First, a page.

Qatar has also been backing and funding the Arab Spring uprisings, allying itself with the Muslim Brotherhood. As one analyst puts it:

        A Muslim Brotherhood regime in Jordan and also in Syria, backed by Qatar, would change the entire geopolitics of the world gas market suddenly and decisively in Qatar’s favor and to the disadvantage of Russia, Syria, Iran and Iraq. That would also be a staggering negative blow to China.
        So you can start to understand why the U.S. and its Sunni allies might be interested in the outcome in Syria. And Qatar along with Saudi Arabia has been a major force in arming the rebels, with the covert support of the U.S. Qatar alone has reportedly poured billions in spending into trying to overthrow Assad, but more recently Saudi Arabia seems to have taken the lead.

        Conversely, Iran and Russia have a great deal to lose if the Assad government is defeated. Russia currently supplies much of the European market, and these new sources of natural gas are a threat to their economy. If Assad survives, then Russia will, the thinking goes, be able to play a major role in developing and exploiting the Syrian resources.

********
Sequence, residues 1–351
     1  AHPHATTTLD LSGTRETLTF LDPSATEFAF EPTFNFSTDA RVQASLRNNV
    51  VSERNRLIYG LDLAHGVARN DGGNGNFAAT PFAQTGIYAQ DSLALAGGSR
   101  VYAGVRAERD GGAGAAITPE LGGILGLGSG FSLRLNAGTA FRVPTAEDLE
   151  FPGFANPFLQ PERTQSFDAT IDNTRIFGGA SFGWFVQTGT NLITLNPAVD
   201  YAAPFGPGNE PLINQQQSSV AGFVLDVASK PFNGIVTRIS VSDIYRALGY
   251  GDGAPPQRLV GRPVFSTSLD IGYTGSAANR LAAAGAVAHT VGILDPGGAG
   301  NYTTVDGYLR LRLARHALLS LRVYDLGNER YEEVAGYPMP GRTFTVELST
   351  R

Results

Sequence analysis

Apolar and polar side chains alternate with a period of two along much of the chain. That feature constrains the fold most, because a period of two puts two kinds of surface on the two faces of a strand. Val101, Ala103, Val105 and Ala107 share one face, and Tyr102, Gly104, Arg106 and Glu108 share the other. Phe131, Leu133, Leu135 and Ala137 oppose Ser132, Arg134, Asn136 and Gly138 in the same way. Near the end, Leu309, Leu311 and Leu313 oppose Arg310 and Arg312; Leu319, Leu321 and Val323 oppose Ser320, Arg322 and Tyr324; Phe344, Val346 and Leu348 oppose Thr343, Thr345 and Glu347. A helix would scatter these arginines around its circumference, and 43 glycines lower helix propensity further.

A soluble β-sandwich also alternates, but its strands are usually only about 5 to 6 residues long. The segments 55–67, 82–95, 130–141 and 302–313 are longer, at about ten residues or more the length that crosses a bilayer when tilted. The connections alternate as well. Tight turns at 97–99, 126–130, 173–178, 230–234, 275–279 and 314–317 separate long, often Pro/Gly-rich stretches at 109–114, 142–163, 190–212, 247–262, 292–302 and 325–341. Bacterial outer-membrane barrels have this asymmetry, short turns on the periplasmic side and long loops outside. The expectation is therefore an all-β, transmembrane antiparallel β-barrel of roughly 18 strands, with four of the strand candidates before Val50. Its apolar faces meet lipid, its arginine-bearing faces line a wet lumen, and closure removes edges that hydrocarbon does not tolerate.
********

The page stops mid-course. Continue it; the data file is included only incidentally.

And then adding another twist on all this, Prince Bandar of Saudi Arabia reportedly offered to make a deal with Russia on energy issues if they would stop funding and supporting Assad. According to the report, Bandar (who is a close ally of the Bush family) was "purporting to speak with the full backing of the US." So this is pretty blatant evidence that there is a strong energy politics dimension to the conflict, but I think if you consider the issues above it's hard to see how it couldn't be.